Going Down with Musharraf

21 Feb

Both conservatives and progressives are criticizing the Bush administration for its continued support of Pakistan’s embattled president, Pervez Musharraf, and the same could be directed at Republican presidential candidate, John McCain.

Cato Institute advises the Bush administration to .

Politically, the United States will have to branch out to civilian leaders other than Musharraf in order to maintain some semblance of political stability. Militarily, to prevent the army’s gradual erosion, the United States must continue giving aid to Islamabad with strict oversight and the assurance that such funding is being used against insurgents and not against long-time rival India.

The Center for American Progress is .

The Bush administration continues to demonstrate a shocking tone deafness and incompetence when it comes to U.S. policy toward Pakistan. Just recently, the White House press secretary stated that it was too early to tell whether elections had weakened Musharraf’s power. In even more disturbing remarks, she continued: "I think what President Musharraf has shown is an ability to provide for the country a chance to be confident in their government."

Furthermore, sources in Islamabad tell us that the administration is asking the PPP to explore forming a coalition government with PML-Q rather than to reach out to former prime minister Sharif’s PML-N. In short, the Bush administration may be trying to keep Musharraf in the game and sideline Sharif. The Bush administration has been nervous about Sharif because of his historical closeness to the religious parties in Pakistan, yet sidelining the PML-N could be potentially destabilizing for Pakistan as it controls the heartland of Pakistan through control of the Provincial Assembly in Punjab.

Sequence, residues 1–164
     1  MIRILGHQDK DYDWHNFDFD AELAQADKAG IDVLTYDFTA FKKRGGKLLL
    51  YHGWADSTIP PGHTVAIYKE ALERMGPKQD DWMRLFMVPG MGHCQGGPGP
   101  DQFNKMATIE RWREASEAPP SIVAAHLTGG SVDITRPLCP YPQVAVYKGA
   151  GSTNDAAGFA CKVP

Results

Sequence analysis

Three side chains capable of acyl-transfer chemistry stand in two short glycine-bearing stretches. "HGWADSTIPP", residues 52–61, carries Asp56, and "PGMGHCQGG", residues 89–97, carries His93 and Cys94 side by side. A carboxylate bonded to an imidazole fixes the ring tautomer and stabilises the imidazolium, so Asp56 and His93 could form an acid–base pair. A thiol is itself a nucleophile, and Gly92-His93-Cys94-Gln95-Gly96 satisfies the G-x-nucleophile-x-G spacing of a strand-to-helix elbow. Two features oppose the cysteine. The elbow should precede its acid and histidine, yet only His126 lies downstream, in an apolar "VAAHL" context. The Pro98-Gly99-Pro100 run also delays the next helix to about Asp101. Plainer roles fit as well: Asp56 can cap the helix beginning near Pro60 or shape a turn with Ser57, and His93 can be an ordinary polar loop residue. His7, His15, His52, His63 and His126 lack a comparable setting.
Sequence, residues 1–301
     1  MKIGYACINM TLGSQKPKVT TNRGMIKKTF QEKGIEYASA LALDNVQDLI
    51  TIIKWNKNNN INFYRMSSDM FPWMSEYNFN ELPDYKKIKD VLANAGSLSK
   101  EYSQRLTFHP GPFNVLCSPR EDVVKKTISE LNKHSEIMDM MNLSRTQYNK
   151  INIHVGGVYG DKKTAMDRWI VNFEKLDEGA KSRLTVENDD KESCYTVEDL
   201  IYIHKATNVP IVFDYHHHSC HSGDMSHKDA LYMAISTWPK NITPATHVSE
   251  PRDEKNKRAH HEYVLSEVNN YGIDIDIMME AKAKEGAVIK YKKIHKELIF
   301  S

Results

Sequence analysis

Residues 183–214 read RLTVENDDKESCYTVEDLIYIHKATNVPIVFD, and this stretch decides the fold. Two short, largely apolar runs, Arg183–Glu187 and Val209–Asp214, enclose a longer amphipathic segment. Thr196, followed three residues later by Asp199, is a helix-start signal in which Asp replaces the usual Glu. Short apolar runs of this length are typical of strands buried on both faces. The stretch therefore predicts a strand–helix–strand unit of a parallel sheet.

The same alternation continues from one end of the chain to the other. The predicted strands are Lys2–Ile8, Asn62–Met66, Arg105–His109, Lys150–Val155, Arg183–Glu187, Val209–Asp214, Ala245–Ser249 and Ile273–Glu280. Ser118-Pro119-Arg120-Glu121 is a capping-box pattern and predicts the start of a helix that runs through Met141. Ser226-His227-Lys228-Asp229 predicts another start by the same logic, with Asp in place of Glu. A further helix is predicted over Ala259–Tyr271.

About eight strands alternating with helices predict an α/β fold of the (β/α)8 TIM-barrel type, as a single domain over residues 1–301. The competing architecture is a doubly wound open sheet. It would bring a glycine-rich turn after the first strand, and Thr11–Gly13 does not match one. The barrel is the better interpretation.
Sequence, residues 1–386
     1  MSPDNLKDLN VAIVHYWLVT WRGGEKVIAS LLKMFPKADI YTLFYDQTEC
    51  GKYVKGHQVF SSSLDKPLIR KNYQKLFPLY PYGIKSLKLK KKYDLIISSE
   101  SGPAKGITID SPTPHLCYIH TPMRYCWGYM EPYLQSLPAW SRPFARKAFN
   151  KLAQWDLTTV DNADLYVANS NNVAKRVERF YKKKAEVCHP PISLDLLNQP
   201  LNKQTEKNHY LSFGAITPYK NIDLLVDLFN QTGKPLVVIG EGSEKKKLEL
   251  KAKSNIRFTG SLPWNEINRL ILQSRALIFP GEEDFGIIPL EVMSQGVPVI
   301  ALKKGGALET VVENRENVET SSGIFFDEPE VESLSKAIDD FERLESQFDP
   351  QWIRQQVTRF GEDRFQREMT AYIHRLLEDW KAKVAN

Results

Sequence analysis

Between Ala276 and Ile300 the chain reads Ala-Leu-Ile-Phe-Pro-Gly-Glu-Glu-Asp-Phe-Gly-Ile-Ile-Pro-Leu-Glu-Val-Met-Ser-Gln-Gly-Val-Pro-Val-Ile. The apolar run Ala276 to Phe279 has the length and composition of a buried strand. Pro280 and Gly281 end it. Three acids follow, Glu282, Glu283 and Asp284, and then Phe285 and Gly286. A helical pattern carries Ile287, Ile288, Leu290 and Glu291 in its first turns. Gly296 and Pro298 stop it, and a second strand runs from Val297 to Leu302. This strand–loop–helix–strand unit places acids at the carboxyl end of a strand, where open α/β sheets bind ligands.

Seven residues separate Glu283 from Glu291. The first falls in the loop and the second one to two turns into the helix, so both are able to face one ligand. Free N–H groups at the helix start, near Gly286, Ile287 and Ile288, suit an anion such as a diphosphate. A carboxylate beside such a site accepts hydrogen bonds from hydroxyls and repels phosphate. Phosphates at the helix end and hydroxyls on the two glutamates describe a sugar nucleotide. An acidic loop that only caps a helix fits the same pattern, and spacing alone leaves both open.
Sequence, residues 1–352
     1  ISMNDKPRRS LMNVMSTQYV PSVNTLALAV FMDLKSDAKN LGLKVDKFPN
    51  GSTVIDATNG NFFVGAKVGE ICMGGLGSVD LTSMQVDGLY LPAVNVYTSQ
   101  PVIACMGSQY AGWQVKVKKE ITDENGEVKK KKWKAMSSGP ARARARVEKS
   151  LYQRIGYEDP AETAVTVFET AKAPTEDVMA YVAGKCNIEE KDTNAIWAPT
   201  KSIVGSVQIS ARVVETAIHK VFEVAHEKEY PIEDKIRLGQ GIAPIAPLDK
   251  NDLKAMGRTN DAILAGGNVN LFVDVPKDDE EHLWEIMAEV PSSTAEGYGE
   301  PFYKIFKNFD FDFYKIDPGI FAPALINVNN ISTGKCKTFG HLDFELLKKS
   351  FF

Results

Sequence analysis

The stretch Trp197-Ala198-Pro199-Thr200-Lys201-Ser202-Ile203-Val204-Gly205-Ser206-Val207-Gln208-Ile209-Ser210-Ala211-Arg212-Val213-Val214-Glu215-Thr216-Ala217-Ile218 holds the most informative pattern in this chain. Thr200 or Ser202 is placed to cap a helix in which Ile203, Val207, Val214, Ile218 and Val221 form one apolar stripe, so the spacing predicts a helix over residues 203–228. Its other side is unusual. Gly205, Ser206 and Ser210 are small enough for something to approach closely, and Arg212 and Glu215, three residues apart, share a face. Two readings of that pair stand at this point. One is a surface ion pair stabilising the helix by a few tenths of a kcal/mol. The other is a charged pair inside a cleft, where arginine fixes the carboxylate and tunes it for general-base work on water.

The Bush administration needs to let Pakistan’s political parties do their own parliamentary horse-trading without U.S. pressure, but we worry that the administration has refused to learn the lessons of its failed policies in Pakistan. Its efforts to negotiate a deal between President Musharraf and Benazir Bhutto prior to her assassination served to delegitimize her for many Pakistanis, making her a greater target for anti-American extremists in Pakistan.

The administration’s consistent over-reliance on President Musharraf emboldened an authoritarian figure who has weakened the nation’s independent judiciary and media, making the United States appear to be a force against democracy and the Pakistani people. What’s more, U.S. policy has done little to counter the strengthening militant groups in Pakistan. If anything, the administration’s ham-handed policies have only inflamed a fragile political and security environment in the country.

Meanwhile, Juan Cole warns that (as well as defending Democratic presidential candidate, Barack Obama).

And, let’s just consider the shaky dictator Pervez Musharraf, who just suffered a sharp rebuke from the Pakistani electorate, as I wrote about today in Salon.com. McCain appears never to have met a rightwing dictator he didn’t like. McCain defends the dictator. Here is what McCain said about Musharraf late last December:

"Prior to Musharraf, Pakistan was a failed state," McCain said. "They had corrupt governments and they would rotate back and forth and there was corruption, and Musharraf basically restored order. So you’re going to hear a lot of criticism about Musharraf that he hasn’t done everything we wanted him to do, but he did agree to step down as head of the military and he did get the elections."

There’s much more in this blog, so make it a priority!

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